"Well, they're silly, but they're dangerous," he said, urging the crowd to continue nonviolent opposition.
Across town, about 80 people came to a McCain town hall where immigration also dominated the discussion.
Although McCain had sounded a note of support for the bill, calling it a "good tool" for law enforcement, he stopped short of fully endorsing the measure. "I haven't had a chance to look at all the aspects, but I do understand why the Legislature would act," he said. Even though it wasn't clear to him "whether all of it is legal or not," he said state lawmakers "acted out of frustration because the federal government didn't do its job."
He spoke of his 10-point plan to do that, including boosting border troops, paying them more, finishing the fence, improving communications equipment and giving more resources to local law enforcement.
Several in the crowd said they support the new law and expressed frustration about the lack of border enforcement.
Bob Foy, a 68-year-old retired lieutenant in the Los Angeles County Sheriff's Department, said holes in border enforcement are allowing the free flow of narcotics and weapons into the country. "We're in such imminent danger that we don't have another 100 years to get this straight," he said. The new law, while "not the perfect answer, is an answer," he said.
One woman said she lives near the Buenos Aires National Wildlife Refuge, which is being "trashed" by border crossers. Another said her daughter's boyfriend is an illegal immigrant who has been in prison three times and keeps coming back.
One man chimed in that he was concerned about the mood, saying he was getting a vibe of animosity toward Mexican people in general.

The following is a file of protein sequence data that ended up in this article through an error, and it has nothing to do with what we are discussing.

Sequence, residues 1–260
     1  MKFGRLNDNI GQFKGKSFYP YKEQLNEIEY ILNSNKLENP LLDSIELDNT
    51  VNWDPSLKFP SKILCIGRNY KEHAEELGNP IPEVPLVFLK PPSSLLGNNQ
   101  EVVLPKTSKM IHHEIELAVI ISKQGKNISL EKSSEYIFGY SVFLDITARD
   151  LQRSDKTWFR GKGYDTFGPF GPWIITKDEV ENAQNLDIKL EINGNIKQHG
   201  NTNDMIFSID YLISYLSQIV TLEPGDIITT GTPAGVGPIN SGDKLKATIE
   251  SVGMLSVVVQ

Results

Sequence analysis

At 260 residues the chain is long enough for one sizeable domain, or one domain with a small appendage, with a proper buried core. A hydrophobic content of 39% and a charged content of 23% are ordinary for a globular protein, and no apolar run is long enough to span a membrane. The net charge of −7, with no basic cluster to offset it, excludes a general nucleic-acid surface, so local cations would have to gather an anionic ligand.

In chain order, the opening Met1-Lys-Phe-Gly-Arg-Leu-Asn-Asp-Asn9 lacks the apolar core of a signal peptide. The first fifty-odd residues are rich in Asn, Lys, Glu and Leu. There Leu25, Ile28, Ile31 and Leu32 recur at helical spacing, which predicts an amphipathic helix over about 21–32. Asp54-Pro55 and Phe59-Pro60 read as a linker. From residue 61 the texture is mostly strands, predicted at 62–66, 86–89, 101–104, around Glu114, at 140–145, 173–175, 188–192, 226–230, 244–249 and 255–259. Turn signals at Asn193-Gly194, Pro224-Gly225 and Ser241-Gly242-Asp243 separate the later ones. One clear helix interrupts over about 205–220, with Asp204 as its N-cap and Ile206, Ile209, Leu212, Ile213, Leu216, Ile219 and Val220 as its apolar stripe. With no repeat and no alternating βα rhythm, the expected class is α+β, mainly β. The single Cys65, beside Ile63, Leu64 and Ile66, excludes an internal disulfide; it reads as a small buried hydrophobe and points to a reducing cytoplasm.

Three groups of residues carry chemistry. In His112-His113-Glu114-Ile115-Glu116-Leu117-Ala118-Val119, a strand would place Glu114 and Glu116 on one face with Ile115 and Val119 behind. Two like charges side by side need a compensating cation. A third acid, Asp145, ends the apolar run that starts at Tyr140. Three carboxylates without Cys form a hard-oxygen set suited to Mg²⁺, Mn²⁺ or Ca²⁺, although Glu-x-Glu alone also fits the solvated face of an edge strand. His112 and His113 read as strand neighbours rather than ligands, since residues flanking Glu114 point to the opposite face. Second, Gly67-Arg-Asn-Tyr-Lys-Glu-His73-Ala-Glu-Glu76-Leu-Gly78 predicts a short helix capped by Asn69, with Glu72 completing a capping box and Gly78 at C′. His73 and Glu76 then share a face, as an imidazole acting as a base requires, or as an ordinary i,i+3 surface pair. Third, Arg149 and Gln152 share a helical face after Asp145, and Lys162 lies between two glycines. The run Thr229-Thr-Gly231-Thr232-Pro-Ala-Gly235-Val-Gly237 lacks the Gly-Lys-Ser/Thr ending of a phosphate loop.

McCain responded, "I am worried about anti-Hispanic feeling in this country, and I am concerned about condemning good, honest citizens of Hispanic origin because of this (immigration) problem." He noted Tucson was a Spanish-speaking city before it was English and he cherished the Latino heritage.
But pointing to the murder of rancher Robert Krentz, he said border problems need to be addressed not only for citizens here but for immigrants, who aren't protected under American laws and are preyed upon by criminal elements.
Pressed by one woman to call Grijalva's boycott irresponsible, McCain said he strongly disagrees with it, especially since the economy is hurting.
McCain, a Republican who has previously backed efforts to strengthen border security while creating a path to citizenship for illegal immigrants, has been speaking almost exclusively about border security this election season. The primary race pits him against former U.S. Congressman J.D. Hayworth, who is painting himself as the more conservative option.
McCain's border stance sits just fine with 60-year-old Patricia Patterson, a concierge. "I was on the fence about a few things, and then I saw him shift away from amnesty, and that brought me back to his side," she said.
Meanwhile, 29-year-old film student Omar Martinez said he's leaning toward McCain also. "I was crushed by the new law," he said. While he's fearful that people of Mexican descent like himself will be made scapegoats, particularly given deep economic frustrations, he said he was pleased with McCain's comments respecting his culture.
Contact reporter Rhonda Bodfield at 573-4243 or firstname.lastname@example.org